Brian May To The Fans: ‘Call Me A Hypocrite And I’ll Block You’

Brian May is in the middle of The Rhapsody Tour with Queen + Adam Lambert, which is drawing to a close this Wednesday. Recently, he posted a video on Instagram, showing airport staff in Japan saying goodbye as he moved from his private jet to a car, ready for the next tour stop.

This post came after a follower called him out for using private planes while speaking up for environmental issues and climate change. In response, May explained to his 3.3 million followers why private travel is part of their tour logistics:

“Arriving (just in time bc) for our last internal flight of the tour. Everyone is so polite, and welcoming, and helpful here. Someone in my comments was trying to give me grief about using private planes. Generally, I immediately block anyone who calls me a hypocrite – who needs to put up with insults in their own comments page?! (Life’s too short!)”

As an environmental activist and founder of the ‘Save Me’ foundation, the guitarist discussed the steps they take to lessen their carbon footprint. His words continued:

“But of course, we’re well aware of all that stuff, and, unlike the disgraceful Rishi Sunak, we actually care about the environment. So when our team are booking a private plane, we always contribute to a scheme to offset the carbon emissions. and, overall, short of not touring at all, we apply a lot of effort these days to keep our carbon footprint as low as possible.”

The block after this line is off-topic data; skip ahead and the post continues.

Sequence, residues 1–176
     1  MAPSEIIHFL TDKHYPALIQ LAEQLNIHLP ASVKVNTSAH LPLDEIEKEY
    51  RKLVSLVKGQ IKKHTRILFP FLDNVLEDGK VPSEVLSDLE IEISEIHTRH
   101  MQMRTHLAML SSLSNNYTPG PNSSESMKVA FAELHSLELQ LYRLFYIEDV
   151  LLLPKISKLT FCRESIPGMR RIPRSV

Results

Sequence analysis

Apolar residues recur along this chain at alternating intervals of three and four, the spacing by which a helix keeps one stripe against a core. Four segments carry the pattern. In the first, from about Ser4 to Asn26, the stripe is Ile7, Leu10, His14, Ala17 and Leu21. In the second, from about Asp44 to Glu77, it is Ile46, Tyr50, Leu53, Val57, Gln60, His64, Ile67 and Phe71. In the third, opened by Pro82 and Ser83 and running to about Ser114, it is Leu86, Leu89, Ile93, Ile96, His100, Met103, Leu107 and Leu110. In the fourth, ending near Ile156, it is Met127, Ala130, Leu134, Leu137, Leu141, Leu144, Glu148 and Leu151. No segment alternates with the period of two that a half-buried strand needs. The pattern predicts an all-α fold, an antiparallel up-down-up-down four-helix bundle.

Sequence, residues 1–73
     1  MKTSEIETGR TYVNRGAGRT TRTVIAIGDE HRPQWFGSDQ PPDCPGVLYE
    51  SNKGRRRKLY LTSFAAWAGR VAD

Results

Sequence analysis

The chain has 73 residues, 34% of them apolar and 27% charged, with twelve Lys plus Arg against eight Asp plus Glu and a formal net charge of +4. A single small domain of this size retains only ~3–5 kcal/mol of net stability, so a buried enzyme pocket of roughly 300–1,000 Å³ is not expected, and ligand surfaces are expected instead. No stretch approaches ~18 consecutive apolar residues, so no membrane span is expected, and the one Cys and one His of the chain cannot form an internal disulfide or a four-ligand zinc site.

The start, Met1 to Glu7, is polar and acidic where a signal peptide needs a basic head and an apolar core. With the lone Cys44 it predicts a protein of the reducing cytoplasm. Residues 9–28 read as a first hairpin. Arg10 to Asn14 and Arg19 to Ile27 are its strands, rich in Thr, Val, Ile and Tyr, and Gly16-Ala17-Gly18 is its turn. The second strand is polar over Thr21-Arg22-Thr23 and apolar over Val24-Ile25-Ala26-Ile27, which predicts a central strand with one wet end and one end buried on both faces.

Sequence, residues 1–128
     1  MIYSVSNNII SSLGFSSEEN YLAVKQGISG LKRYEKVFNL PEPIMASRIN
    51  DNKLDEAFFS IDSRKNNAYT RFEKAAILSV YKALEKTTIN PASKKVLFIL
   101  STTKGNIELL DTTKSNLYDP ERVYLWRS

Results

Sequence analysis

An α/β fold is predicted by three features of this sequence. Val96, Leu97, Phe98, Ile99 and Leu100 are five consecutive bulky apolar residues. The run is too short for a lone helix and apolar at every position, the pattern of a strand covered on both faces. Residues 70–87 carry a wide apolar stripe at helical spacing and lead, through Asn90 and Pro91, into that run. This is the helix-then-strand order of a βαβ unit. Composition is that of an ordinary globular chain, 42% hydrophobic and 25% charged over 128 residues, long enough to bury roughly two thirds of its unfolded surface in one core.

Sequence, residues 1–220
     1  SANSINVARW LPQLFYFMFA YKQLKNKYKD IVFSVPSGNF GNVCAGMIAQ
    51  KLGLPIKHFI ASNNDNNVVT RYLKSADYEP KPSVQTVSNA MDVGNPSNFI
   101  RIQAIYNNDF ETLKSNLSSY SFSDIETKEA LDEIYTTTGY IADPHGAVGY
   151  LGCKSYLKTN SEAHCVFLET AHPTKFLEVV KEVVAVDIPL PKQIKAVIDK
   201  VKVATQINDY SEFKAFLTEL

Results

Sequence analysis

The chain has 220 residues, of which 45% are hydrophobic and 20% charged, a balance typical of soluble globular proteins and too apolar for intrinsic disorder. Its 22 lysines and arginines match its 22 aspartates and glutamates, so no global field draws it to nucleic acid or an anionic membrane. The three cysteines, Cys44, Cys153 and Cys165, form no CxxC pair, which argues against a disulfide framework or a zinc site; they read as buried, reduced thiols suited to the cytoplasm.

The Guitarist Is Ready To Block Anyone Calling Him A Hypocrite For His Need For Private Jets

Explaining the need for private planes, May pointed out the demands of touring and performing, especially considering his age. He stressed the importance of comfort and efficiency in maintaining their schedule and giving high-quality performances:

“As far as extravagance, some people might take exception to us making ourselves comfortable on tour, but we take a pride in working at the top level, which means taking every opportunity to work with the top professionals in every field – from drivers, caterers, accommodation, to wardrobe, sound, lights, etc., and taking care of them all.”

He added:

“And truly, at the age of 76 odd, doing 2-hour-twenty-minute shows and traveling most days, it would be pretty hard to do this at all without these creature comforts. After about 50 years on the road, I think we paid our dues! So please go ahead and call me a hypocrite, and I’ll take pleasure in blocking you! And to the rest of you lovely folks, I drink you a toast! Cheers all!”

The guitarist and Roger Taylor previously shared insights into the challenges of touring and performing. They’ve hinted that this tour might be their last major one, pointing to the physical toll and the desire to possibly step back from such extensive touring.